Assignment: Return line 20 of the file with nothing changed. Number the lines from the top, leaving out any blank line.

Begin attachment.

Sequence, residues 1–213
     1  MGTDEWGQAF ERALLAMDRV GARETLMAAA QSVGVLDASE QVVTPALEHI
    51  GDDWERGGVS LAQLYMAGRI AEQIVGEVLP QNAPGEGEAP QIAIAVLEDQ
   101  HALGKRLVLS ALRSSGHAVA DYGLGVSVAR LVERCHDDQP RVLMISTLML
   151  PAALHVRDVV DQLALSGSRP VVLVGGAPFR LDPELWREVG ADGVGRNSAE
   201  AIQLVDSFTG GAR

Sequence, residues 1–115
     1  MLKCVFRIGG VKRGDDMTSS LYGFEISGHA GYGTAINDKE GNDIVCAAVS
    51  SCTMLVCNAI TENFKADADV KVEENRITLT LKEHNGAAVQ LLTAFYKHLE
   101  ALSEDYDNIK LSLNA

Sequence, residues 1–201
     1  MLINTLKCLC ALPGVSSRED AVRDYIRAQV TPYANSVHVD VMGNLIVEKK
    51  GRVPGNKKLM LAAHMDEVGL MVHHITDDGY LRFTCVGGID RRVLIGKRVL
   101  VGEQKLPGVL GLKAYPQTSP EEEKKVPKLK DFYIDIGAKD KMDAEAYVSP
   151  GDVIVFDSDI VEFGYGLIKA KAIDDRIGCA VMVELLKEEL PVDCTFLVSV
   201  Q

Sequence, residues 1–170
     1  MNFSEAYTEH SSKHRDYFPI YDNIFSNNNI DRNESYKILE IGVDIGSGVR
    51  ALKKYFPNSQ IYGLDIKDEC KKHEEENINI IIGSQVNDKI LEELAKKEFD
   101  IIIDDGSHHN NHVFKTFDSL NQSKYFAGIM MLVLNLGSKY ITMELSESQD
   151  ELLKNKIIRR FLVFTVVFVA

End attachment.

   101  IIIDDGSHHN NHVFKTFDSL NQSKYFAGIM MLVLNLGSKY ITMELSESQD